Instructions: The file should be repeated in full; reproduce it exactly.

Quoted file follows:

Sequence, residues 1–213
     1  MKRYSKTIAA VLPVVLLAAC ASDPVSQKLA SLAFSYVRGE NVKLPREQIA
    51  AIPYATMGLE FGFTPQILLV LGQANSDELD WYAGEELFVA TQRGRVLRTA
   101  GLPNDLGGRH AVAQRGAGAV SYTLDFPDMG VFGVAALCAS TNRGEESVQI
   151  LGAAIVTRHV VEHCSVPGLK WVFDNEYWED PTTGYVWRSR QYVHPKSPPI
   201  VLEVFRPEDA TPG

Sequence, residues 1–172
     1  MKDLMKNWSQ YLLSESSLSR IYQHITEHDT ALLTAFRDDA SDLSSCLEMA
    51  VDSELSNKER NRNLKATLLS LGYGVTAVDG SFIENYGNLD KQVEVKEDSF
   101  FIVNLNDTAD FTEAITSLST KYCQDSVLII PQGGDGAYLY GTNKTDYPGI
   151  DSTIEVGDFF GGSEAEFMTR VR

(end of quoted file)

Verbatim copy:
Sequence, residues 1–213
     1  MKRYSKTIAA VLPVVLLAAC ASDPVSQKLA SLAFSYVRGE NVKLPREQIA
    51  AIPYATMGLE FGFTPQILLV LGQANSDELD WYAGEELFVA TQRGRVLRTA
   101  GLPNDLGGRH AVAQRGAGAV SYTLDFPDMG VFGVAALCAS TNRGEESVQI
   151  LGAAIVTRHV VEHCSVPGLK WVFDNEYWED PTTGYVWRSR QYVHPKSPPI
   201  VLEVFRPEDA TPG

Sequence, residues 1–172
     1  MKDLMKNWSQ YLLSESSLSR IYQHITEHDT ALLTAFRDDA SDLSSCLEMA
    51  VDSELSNKER NRNLKATLLS LGYGVTAVDG SFIENYGNLD KQVEVKEDSF
   101  FIVNLNDTAD FTEAITSLST KYCQDSVLII PQGGDGAYLY GTNKTDYPGI
   151  DSTIEVGDFF GGSEAEFMTR VR